What % of your business tools do you actually use?

What % of your business tools do you actually use?

When did you last use Microsoft Word? How often does the formatting go astray?

Most people would answer today and often to those two questions.

People struggle with Word, because they do not know how to use a very fundamental feature – Styles.

This scenario demonstrates how a large percentage of features in software products are not used to their full advantage and it is as true for specialist or even custom software as it is for packaged products like Microsoft Office.

Pendo, a platform that analyses software usage data for product managers, found in a survey that,

“…about 80% of features in the typical cloud software product are rarely or never used.”[i]

The often-quoted statistics from Standish Group Chairman, Jim Johnson’s presentation at XP2002 state that in four internal use products only 20% of features were used often or frequently and 45% never. So it seems that little has changed in the last two decades.

Why is this so? In some cases this is because no training is provided, in others because the initial software training focusses on guiding users though the most essential functions, leaving advanced features and functions for individuals to discover on their own.

So how do we unlock the benefits of those unused features and find out more about the tools we use from both a user and a business perspective?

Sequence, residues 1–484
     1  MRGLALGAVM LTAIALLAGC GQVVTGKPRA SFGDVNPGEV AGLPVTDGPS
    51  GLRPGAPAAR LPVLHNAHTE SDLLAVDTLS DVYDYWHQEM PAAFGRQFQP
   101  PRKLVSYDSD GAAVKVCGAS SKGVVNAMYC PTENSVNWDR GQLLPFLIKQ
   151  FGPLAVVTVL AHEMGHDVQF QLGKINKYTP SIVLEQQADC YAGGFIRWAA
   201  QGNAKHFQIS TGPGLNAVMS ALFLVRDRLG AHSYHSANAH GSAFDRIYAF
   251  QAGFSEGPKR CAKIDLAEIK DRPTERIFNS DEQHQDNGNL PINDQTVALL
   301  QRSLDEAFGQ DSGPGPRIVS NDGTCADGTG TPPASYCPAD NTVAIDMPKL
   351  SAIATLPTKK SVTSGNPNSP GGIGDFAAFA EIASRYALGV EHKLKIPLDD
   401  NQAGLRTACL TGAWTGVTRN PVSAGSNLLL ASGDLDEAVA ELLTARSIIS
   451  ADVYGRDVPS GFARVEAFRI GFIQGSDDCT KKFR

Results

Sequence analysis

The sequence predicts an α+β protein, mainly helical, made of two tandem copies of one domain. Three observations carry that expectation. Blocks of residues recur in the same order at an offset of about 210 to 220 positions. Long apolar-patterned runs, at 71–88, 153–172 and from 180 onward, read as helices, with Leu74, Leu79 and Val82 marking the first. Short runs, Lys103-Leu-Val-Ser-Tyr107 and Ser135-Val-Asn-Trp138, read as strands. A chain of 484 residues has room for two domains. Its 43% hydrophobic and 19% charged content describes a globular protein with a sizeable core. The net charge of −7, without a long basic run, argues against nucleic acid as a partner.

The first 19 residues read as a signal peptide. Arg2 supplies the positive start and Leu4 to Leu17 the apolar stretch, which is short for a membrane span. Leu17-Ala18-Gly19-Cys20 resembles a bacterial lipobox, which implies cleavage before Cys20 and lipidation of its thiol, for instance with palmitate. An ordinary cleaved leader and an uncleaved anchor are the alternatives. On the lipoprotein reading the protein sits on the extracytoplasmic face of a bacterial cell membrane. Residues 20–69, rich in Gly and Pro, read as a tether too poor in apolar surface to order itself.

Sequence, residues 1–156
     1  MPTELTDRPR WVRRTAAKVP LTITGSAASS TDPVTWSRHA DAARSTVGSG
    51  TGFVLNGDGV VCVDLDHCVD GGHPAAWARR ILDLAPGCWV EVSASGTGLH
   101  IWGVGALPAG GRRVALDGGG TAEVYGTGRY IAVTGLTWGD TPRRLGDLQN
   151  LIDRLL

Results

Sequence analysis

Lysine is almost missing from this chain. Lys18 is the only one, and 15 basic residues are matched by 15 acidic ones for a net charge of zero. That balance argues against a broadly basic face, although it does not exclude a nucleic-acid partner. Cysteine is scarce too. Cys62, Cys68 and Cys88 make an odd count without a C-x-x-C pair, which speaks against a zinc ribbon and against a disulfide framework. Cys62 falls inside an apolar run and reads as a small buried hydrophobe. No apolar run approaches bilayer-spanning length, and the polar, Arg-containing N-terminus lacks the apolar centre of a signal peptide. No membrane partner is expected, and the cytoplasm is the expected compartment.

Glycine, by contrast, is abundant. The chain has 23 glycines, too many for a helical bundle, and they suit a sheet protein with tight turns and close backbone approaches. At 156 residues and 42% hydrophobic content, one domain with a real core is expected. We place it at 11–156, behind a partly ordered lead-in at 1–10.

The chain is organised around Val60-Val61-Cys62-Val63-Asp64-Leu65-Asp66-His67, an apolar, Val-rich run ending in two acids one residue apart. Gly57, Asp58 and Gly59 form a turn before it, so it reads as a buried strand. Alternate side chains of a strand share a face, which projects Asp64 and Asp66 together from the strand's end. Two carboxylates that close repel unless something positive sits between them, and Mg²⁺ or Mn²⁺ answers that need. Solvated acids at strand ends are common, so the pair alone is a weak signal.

The best way is to lead by example. Every organization has some curious trailblazers, who should be encouraged to discover new features and then share with their colleagues. Encourage all to seek out additional training through online material or by providing users with follow up training focussed on optimising procedures. Speak to your vendors; ask ‘Are there features we are not using that could benefit our business?’.

Periodically audit your software and data management activities. In the same way that individuals can get stuck in a process, so too can companies. As tools are added to solve specific challenges, it is easy to end up with duplicate and fragmented processes; or even to be simply unaware that features exist. Just think about all the functions on your mobile device that you have never used simply because you never bothered to take a good look at what was available.

Look for duplication in your work – for example, how many times do you create and maintain customer information – then see if you can remove this duplication through better use of your existing tools.

Check if business information is spread across multiple locations, making it difficult to access, maintain and report on. An example is keeping documents on a complex file server, even though Document Management is a feature of a software product used by a single department and theoretically available for all to use.

A product purchased for a specific purpose such as Compliance, could contain features that other departments can use such as Document Management and Contact Management.

Carrying out an audit of the use and features of your tools could expose opportunities, especially for smaller businesses, to consolidate and reduce both software licence costs but also operational and maintenance costs and improve business efficiency

So next time you login to your primary business software spend a few minutes exploring it and see if you can discover a new timesaving feature to share with your colleagues. Who knows, this might make your life easier!!!

[i] https://www.forbes.com/sites/tomtaulli/2019/02/24/are-most-of-your-products-features-useless/#589e6e44459